Tuesday, April 10, 2012

Embracing the NEW in Comics: SAGA and The New Wave of Next-Great-Comics

The New Wave of Comics For the Digital Era

- A couple of weeks ago, I had a great time at my first ever Wonder-Con event. The pop-culture convention, slightly smaller cousin to the San Diego Comic-Con, is typically held in San Francisco, but this year came to Anaheim since the SF convention center was undergoing renovations. My friends and I braved some heavy So-Cal rain and a hugely-congested parking situation, and ended up packing in a lot of coolness into a single day of geek-nirvana. With a more manageable size than SDCC, it was relatively easy to jump from one panel to another without a lot of hassle, as well as to roam the convention floor in search of sweet merch.

We attended some great panels on that rainy Saturday: we saw the FOX movie panel, featuring the first-look at the new PROMETHEUS trailer, as well as live (!) appearances from writer Damon Lindeloff, stars Charlize Theron and Michael Fassbender, and legendary director (and one of my personal film heroes) Ridley Scott. The trailer looked awesome, and it was great seeing all of those big names live and in person and having some great dialogue about the film. The second half of the panel covered ABRAHAM LINCOLN: VAMPIRE HUNTER, which looked like a lot of fun. We also saw this really intriguing panel for SOUND OF MY VOICE, the new indie sci-fi/thriller film from Brit Marling, who did Another Earth. The movie looked packed with potential, with a mind-bending story about a cult centered around a woman who claims to be a time-traveller from the future. We saw the first fifteen minutes of the film, which really drew you in and posed some fascinating questions. The icing on the cake was having some of the actors come out in character, as members of the cult - trying to get us to join them. Nice little marketing stunt there. We also went to an awesome panel / event called THE TOURNAMENT OF NERDS. It was hilarious - essentially a comedy showcase where very funny people debated the merits of various geek icons in a single-elimination tournament. So one round might see two comedians arguing over who would win in a fight: Freddy Kreuger of The Undertaker, another might be who's the better supporting cast member: J. Jonah Jameson or Alfred Pennyworth, and another might pose the mind-bending question of: which is better, The Twilight Zone, or Ferris Bueller's Day Off (lesson learned: NEVER underestimate The Twilight Zone). Good times.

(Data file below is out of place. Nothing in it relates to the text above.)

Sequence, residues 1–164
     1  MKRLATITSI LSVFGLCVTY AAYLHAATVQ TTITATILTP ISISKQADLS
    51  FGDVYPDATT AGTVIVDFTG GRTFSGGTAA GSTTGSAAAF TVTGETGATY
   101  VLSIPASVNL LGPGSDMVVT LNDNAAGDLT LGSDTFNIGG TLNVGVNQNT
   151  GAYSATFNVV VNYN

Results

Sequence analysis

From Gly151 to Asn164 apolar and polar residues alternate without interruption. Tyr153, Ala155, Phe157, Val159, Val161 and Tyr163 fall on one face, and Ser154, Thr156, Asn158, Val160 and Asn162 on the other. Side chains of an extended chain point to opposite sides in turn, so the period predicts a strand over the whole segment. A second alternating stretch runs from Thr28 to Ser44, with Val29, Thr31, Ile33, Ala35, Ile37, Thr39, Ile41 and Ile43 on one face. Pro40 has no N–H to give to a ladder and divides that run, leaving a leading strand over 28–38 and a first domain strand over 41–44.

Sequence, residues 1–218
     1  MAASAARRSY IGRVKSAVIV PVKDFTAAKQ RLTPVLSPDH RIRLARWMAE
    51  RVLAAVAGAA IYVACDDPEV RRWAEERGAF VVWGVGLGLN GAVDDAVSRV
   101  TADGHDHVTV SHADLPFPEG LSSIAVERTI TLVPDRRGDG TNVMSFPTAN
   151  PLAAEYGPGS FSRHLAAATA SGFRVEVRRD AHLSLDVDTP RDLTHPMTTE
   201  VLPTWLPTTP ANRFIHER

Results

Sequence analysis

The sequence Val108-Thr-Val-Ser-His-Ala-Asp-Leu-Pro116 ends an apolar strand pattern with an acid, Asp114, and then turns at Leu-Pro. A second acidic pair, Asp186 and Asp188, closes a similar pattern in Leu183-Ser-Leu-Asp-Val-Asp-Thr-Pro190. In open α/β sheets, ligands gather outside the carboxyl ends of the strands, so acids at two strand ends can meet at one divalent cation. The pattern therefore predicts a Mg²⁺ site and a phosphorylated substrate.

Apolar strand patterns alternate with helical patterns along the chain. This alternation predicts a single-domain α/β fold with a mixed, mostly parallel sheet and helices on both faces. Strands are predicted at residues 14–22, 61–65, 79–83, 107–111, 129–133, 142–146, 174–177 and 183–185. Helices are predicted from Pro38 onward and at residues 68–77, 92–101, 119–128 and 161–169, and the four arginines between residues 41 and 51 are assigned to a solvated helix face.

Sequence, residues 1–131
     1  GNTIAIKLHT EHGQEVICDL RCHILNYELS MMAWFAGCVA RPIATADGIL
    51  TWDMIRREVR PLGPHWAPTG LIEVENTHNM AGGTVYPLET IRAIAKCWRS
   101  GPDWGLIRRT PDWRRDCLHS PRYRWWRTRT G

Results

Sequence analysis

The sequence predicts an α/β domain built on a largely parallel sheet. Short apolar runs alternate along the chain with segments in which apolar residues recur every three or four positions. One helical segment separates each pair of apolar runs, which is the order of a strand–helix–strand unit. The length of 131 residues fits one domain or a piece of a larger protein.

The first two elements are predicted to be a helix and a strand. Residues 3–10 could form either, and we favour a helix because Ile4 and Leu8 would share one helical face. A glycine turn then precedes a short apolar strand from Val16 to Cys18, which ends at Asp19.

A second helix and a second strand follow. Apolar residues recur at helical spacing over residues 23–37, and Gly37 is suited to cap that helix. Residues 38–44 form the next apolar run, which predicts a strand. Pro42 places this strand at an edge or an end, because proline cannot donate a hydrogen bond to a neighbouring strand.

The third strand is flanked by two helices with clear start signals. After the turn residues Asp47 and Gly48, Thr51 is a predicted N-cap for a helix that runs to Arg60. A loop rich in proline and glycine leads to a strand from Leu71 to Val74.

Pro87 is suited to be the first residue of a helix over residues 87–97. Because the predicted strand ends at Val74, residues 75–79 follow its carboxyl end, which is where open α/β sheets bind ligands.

In any case, what I'm leading up to is this: my first-ever Wonder-Con was a great time: I saw some great panels, bought some cool artwork, met some interesting and creative folks, and got to hang out with a number of friends. But what I didn't have a lot of excitement for - what I didn't see a ton of excitement for in general at the show - was comics.

Over the last several months, my geekiest hobby has quite simply burned me out. Like many, I've gone mostly digital. I now read a majority of new comics on my iPad, and while I still don't 100% love the experience, I've gotten much more used to it, and appreciate the benefits in terms of space-saving. Going digital though has forced me to reevaluate my comics-buying preferences a bit. In physical form, comics can be more of a comfort food. There's something nostalgic and relaxing about sitting down with a new Flash or Superman comic book. But in digital, some of that nostalgia-factor is taken out of the equation. Without that, and without the collectibility aspect, you become much more laser-focused on story and art. You begin scrutinizing the content in a way that is on the same level with TV or movies. Point being: there's no reason to buy a digital comic EXCEPT for the quality of the storytelling, and so I've found myself becoming more discerning with what I'm reading as I've gone digital.

The other reason I've been reevaluating is DC's New 52. Now that the initial storyarcs in all of the rebooted DC titles are wrapping up, I have to admit that only a handful of the new books have 100% grabbed me. Now, in the past, I might have hung on to books I didn't love only because I'd followed some of their storylines and characters for years and years. I had a fondness and attachment for them that drove me to stick with the DCU through good times and bad. But now that there is a relatively clean slate - again, I am much more laser-focused on quality. Books that kick ass on a monthly basis - the standouts like Swamp Thing, Animal Man, and Batman - I'm in like Flynn. But a vast majority of the rest of the books - that have run the gamut from mediocre to just okay - I find myself eager to drop. Certainly, my wallet will thank me for not spending money on books that I only sort-of enjoy.

That said, the generally sorry state of mainstream superhero comics had me sort of down on the whole medium for a while. I used to get excited for the big new storylines and shake-ups, for the new creator changes and new spin-off titles. But now, I was feeling a double-whammy of comics doldrums. One, I wasn't liking a lot of the mainstream stuff I was reading, and two, I didn't have much of an attachment to the books as a whole. Where once I would have been outraged that these books weren't up to par, now ... I just felt kind of "meh" about the whole thing - at least they were screwing up "new" versions of the characters, and not the versions that I grew up with (back in the days before all superheroes were required to wear multi-jointed metallic armor with popped V-collars).